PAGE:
Fight for $15 protestors picket in Chicago (Daniel X. O'Neil)

AFL-CIO head Richard Trumka will lay out a strategy for the labor movement in the Trump era during a 12:30 Tuesday speech at the National Press Club, which will emphasize communication with the public and its members regarding the difference between the president's rhetoric and action on issues dear to working Americans. But he will also call for a profound change in tactics, arguing that labor and its allies should emphasize extending collective bargaining rights to workers who do not belong to a recognized union.

Why it matters: Labor has spent more than a decade pouring money and organizing efforts into the Employee Free Choice Act, which would have allowed unions to gain recognition after 50% of workers publicly indicated support on a petition, without having to be subsequently approved by secret ballot. The bill never passed in part because elimination of the secret ballot seemed antidemocratic to many voters.

What's next: The movement's most high-profile successes during the Obama years came from so-called "alt-labor" groups, or looser worker confederations that began as ways to promote awareness of the rights non-organized workers, and later launched activist campaigns like the "fight-for-15" movement in the fast food industry. Reforms that would give more rights to workers outside of recognized unions could give these groups more influence.

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Updated 43 mins ago - Politics & Policy

Tim Scott says Trump "misspoke" when he told Proud Boys to "stand by"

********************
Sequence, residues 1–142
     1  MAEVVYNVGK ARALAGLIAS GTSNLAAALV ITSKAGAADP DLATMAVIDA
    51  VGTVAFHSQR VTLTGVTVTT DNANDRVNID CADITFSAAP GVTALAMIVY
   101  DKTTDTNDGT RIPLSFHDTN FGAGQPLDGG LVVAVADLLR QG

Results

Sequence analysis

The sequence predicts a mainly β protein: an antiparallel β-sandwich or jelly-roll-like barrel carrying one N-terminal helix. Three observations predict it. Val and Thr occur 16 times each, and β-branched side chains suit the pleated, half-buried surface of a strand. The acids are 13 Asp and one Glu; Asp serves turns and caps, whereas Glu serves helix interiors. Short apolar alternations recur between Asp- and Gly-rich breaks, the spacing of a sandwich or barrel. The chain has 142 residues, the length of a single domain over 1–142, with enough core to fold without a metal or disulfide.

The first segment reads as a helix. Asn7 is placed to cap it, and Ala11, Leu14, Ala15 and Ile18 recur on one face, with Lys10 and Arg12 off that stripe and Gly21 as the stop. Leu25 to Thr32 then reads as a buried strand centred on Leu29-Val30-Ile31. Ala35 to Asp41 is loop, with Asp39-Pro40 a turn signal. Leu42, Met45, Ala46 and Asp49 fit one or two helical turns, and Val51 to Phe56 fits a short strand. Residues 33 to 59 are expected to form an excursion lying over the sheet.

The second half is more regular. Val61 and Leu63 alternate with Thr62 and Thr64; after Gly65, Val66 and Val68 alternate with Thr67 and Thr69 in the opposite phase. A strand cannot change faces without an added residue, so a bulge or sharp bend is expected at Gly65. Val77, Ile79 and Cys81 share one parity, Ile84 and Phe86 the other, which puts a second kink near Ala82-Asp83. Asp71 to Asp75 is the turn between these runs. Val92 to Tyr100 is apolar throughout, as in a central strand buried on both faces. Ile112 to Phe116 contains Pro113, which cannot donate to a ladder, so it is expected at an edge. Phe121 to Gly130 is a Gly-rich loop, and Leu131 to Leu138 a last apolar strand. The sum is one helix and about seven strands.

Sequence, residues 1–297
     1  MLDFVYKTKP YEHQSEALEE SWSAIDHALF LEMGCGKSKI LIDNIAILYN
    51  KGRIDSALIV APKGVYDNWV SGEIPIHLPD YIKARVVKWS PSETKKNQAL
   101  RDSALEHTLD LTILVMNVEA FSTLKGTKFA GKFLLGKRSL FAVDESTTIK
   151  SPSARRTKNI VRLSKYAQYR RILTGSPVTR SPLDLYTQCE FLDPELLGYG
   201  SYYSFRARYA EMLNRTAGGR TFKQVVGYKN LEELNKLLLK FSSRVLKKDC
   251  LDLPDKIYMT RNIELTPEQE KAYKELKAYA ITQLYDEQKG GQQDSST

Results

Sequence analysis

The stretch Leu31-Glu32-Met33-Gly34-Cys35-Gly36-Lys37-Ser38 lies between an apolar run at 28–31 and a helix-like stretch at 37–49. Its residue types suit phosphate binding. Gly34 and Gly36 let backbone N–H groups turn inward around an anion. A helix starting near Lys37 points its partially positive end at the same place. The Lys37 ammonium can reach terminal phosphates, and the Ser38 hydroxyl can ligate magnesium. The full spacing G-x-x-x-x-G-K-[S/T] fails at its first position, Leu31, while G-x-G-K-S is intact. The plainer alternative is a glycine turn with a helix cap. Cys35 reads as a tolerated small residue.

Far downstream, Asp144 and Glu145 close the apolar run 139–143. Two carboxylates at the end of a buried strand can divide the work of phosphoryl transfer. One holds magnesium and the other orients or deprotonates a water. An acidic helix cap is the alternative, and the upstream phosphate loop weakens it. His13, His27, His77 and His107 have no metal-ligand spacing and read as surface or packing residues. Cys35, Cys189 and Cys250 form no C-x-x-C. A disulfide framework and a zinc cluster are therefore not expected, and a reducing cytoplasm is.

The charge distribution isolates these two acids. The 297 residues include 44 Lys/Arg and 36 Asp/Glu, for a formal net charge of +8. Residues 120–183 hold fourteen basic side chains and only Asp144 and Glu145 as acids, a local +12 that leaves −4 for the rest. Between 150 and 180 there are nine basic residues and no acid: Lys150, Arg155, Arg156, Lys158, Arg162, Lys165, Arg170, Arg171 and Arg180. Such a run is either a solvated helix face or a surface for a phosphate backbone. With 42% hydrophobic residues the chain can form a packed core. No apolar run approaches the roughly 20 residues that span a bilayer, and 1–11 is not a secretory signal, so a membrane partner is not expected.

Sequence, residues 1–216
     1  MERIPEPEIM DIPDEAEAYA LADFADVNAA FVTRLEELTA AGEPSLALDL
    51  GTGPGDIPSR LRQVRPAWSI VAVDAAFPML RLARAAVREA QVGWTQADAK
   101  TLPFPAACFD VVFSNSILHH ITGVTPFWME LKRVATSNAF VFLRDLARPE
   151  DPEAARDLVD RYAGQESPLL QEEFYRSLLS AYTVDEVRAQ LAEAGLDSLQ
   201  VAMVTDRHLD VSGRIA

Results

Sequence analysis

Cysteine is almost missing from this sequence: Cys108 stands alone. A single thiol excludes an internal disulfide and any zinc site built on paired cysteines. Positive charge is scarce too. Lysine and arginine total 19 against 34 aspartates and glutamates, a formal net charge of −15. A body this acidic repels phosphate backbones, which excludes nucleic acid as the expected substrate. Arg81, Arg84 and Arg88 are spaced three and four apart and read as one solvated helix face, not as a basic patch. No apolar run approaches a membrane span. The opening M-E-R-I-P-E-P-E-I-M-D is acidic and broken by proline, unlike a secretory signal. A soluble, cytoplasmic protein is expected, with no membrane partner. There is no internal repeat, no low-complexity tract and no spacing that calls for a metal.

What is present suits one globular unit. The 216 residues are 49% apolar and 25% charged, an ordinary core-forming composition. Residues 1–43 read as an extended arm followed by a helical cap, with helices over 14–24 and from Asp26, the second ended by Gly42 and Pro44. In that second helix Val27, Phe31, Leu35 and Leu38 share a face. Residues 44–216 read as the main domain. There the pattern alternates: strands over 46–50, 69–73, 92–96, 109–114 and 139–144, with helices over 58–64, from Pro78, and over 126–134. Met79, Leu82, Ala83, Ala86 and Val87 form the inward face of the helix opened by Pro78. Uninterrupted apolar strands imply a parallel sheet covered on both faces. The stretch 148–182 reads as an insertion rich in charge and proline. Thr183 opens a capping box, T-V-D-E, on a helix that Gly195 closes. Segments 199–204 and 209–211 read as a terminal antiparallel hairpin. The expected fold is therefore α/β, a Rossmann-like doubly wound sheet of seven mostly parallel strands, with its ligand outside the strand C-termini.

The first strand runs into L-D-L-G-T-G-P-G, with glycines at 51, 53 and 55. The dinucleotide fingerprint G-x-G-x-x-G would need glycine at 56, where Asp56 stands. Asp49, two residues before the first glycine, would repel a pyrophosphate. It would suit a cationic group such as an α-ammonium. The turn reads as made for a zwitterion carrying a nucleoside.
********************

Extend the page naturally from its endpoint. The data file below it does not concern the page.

Photo: Bonnie Cash/Pool/AFP via Getty Images

Sen. Tim Scott (R-S.C.) told reporters on Wednesday that he believes President Trump "misspoke" when he told the far-right "Proud Boys" group to "stand back and stand by" in response to a question about condemning white supremacy at the first presidential debate.

Catch up quick: Moderator Chris Wallace asked Trump on Tuesday, "Are you willing, tonight, to condemn white supremacists and militia groups and to say that they need to stand down?" Trump asked who specifically he should condemn, and then responded, "Proud Boys, stand back and stand by. But I'll tell you what, somebody's got to do something about antifa and the left."

Updated 51 mins ago - Politics & Policy

Commission on Presidential Debates wants changes

Photos: Jim Watson and Saul Loeb/AFP via Getty Images

The Commission on Presidential Debates announced Wednesday that it plans to implement changes to rules for the remaining debates, after Tuesday night's head-to-head between Joe Biden and Donald Trump was practically incoherent for most of the night.

What they are saying: "Last night's debate made clear that additional structure should be added to the format of the remaining debates to ensure a more orderly discussion of the issues," the CPD said in a statement.

Trump says he doesn't know who Proud Boys are after telling them to "stand by"

President Trump told reporters on Wednesday that he doesn't know who the Proud Boys are, after saying at the presidential debate last night that the far-right group should "stand back and stand by" in response to a question asking him to condemn white supremacists.

Why it matters: The comments set off outrage and calls for clarification from a number of Republican senators. After being asked several times on Wednesday whether he will condemn white supremacy, Trump responded, "I have always denounced any form — any form of any of that, you have to denounce. But I also — Joe Biden has to say something about antifa."